The additional, and other objects, features and advantages of the present invention will become apparent from the following description taken in conjunction with the accompanying drawings in which the like references designate the same elements.

BRIEF DESCRIPTION OF THE DRAWINGS

FIG. 1 is a circuit diagram showing the theoretical construction of a prior art sawtooth wave oscillator;

FIG. 2 is a connection diagram showing a practical example of the prior art sawtooth wave oscillator shown in FIG. 1;

FIGS. 3A, 3B and 3C are respectively waveform diagrams used to explain the present invention;

FIG. 4 is a circuit diagram showing the theoretical construction of the sawtooth wave oscillator according to the invention;

FIG. 5 is a connection diagram showing a practical example of the sawtooth wave oscillator shown in FIG. 4;

FIG. 6 is a cross-sectional view of a semiconductor device in which an example of the invention is provided;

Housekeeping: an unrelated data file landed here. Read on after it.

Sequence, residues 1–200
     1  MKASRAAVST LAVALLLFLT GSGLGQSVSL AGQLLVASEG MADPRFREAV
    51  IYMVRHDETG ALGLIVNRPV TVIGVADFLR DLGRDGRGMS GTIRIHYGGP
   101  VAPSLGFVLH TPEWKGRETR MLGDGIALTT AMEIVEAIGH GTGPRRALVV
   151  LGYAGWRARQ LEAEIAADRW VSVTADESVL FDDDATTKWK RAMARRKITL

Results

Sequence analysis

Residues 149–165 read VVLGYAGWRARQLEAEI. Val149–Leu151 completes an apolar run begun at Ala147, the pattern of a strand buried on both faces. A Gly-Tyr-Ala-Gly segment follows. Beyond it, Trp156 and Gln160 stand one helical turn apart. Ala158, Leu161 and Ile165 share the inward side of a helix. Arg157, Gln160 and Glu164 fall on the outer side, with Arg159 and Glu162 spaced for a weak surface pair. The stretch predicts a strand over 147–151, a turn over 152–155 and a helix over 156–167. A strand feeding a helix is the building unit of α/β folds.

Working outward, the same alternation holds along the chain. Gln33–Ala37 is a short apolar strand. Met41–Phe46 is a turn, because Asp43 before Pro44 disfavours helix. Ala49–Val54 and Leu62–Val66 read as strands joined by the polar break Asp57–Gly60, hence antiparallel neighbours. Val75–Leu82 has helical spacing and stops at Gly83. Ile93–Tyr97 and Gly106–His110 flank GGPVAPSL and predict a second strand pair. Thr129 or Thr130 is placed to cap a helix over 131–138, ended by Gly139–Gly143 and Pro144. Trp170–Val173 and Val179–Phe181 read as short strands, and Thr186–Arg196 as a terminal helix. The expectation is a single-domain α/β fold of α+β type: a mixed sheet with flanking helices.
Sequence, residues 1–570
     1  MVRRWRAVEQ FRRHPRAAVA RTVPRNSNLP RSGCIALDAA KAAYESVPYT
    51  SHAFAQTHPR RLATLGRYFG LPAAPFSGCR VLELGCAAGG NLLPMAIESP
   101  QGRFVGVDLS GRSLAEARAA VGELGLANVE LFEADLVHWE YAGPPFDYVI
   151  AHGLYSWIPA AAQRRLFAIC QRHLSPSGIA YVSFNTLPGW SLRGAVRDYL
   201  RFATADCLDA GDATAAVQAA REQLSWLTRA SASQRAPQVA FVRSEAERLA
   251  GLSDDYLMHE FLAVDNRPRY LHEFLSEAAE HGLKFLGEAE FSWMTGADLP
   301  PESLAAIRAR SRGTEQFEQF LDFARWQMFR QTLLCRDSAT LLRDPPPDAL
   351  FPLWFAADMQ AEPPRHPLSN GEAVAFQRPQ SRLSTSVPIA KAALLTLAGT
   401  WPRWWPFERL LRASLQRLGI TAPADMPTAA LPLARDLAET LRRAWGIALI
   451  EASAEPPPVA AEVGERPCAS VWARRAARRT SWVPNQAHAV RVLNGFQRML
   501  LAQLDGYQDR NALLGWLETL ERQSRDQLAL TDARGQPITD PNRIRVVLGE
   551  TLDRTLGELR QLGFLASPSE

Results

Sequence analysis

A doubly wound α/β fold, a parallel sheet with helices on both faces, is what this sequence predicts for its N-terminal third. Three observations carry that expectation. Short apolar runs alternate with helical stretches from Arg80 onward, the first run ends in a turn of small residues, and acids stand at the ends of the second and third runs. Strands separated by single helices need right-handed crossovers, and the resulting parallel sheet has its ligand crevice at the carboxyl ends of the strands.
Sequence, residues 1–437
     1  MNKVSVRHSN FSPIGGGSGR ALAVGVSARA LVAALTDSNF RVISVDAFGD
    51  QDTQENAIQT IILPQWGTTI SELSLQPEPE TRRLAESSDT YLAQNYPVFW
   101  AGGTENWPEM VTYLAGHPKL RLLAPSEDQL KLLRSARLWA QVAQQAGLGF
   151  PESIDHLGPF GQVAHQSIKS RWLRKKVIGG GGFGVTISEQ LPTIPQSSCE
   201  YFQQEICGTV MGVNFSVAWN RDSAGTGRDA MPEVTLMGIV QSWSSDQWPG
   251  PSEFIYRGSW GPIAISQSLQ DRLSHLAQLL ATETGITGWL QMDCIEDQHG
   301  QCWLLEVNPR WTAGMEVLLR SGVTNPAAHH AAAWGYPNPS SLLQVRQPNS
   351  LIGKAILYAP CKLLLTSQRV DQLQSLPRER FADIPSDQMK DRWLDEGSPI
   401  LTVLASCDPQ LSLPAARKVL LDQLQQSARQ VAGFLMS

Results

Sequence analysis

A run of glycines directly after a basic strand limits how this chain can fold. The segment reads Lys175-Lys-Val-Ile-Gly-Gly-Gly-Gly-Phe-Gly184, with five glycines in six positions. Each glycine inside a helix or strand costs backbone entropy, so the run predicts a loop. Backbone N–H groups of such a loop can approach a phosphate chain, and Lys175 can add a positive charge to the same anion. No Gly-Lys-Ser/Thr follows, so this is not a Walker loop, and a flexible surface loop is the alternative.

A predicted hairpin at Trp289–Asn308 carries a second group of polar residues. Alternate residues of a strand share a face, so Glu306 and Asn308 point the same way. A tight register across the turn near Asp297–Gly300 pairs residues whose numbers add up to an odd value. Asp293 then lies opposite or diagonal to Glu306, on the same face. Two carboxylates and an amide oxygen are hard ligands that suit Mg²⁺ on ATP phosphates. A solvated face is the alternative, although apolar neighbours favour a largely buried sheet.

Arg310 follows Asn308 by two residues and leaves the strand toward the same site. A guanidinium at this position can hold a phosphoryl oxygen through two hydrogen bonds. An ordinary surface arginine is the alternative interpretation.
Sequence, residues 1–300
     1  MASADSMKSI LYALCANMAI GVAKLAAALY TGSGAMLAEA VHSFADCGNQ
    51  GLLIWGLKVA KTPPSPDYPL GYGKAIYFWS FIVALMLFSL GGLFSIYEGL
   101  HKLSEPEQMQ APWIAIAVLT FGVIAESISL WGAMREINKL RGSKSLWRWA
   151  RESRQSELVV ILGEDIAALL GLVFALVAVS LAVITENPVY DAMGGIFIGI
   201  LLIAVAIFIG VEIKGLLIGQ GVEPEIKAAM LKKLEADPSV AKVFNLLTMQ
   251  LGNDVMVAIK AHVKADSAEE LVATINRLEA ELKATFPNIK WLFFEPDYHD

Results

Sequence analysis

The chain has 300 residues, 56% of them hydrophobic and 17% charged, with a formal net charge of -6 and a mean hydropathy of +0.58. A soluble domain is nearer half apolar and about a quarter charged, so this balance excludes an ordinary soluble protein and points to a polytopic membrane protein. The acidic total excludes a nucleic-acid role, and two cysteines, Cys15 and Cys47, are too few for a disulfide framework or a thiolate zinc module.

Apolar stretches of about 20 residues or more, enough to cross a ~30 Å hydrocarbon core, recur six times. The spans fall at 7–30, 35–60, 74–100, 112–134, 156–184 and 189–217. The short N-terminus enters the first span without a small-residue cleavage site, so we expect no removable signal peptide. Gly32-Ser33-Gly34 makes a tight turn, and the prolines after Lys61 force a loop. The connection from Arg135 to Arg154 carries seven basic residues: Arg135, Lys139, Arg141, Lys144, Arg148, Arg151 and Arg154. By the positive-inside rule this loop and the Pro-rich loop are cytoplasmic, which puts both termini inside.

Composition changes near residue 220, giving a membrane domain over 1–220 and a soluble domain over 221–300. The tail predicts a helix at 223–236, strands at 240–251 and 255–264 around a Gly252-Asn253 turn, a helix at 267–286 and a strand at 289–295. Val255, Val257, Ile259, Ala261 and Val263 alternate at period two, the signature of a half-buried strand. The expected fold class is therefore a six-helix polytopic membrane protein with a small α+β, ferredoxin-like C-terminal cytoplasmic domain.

FIG. 7 is a plan view of FIG. 6; and

FIGS. 8 and 9 are respectively graphs illustrating the characteristics used to explain the invention.

DESCRIPTION OF THE PREFERRED EMBODIMENT

In order to facilitate the understanding of the present invention, a prior art sawtooth wave oscillator or generator will be first described with reference to FIGS. 1 and 2.

FIG. 1 shows the theoretical construction of the prior art triangular wave oscillator or generator which is used to generate a sawtooth wave. In FIG. 1, Co designates a capacitor or capacitance element. A constant current source 10 for charging the capacitance element Co is connected in series thereto and a switch 20 for discharging the capacitance element Co is connected in parallel thereto.